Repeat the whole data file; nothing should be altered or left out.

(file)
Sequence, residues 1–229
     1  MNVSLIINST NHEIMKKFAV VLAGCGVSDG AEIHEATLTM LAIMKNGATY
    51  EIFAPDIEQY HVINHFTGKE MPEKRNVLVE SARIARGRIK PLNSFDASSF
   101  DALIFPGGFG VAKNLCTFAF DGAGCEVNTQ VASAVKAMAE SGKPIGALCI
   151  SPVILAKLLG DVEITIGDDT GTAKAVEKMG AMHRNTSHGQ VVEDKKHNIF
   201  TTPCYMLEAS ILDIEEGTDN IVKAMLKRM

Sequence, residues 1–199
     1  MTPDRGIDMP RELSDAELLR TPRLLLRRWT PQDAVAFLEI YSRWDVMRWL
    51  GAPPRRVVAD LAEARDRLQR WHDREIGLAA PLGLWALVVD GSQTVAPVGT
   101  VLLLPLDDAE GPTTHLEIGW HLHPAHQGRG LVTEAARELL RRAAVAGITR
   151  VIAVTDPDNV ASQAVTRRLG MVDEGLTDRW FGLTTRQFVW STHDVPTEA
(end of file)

Sequence, residues 1–229
     1  MNVSLIINST NHEIMKKFAV VLAGCGVSDG AEIHEATLTM LAIMKNGATY
    51  EIFAPDIEQY HVINHFTGKE MPEKRNVLVE SARIARGRIK PLNSFDASSF
   101  DALIFPGGFG VAKNLCTFAF DGAGCEVNTQ VASAVKAMAE SGKPIGALCI
   151  SPVILAKLLG DVEITIGDDT GTAKAVEKMG AMHRNTSHGQ VVEDKKHNIF
   201  TTPCYMLEAS ILDIEEGTDN IVKAMLKRM

Sequence, residues 1–199
     1  MTPDRGIDMP RELSDAELLR TPRLLLRRWT PQDAVAFLEI YSRWDVMRWL
    51  GAPPRRVVAD LAEARDRLQR WHDREIGLAA PLGLWALVVD GSQTVAPVGT
   101  VLLLPLDDAE GPTTHLEIGW HLHPAHQGRG LVTEAARELL RRAAVAGITR
   151  VIAVTDPDNV ASQAVTRRLG MVDEGLTDRW FGLTTRQFVW STHDVPTEA